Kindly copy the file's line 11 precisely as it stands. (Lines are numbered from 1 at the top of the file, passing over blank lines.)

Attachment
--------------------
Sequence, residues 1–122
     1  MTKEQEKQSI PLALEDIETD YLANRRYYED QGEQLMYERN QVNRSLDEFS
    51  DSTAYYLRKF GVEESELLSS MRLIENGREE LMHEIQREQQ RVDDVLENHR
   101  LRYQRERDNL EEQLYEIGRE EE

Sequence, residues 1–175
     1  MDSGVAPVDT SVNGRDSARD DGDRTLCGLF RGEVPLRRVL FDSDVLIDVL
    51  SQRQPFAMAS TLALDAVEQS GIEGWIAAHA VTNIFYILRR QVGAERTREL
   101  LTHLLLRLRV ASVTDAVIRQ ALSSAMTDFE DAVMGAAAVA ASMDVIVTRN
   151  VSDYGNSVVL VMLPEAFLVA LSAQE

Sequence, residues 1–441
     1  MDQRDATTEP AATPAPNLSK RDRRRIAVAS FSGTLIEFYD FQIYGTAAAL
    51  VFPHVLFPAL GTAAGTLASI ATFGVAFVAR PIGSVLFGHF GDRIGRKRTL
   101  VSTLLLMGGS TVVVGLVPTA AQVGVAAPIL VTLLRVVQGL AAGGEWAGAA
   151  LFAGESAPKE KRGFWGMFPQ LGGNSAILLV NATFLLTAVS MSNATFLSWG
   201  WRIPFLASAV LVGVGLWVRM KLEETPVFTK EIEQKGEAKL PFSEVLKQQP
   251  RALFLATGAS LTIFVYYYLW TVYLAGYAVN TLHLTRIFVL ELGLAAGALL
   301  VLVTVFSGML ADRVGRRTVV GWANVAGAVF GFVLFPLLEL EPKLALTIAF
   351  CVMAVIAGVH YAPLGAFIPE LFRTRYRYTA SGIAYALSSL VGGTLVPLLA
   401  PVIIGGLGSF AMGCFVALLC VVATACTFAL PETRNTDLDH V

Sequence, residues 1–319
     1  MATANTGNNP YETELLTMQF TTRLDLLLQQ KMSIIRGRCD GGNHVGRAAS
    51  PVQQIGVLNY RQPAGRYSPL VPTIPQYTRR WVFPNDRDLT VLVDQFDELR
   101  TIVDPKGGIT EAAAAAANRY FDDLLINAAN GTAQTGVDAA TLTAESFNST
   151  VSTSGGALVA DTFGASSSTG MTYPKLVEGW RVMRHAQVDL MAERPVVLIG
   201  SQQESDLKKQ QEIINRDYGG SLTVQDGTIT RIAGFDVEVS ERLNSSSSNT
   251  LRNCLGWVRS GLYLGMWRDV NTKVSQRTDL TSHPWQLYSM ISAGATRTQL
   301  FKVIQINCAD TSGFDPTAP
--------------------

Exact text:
     1  MDQRDATTEP AATPAPNLSK RDRRRIAVAS FSGTLIEFYD FQIYGTAAAL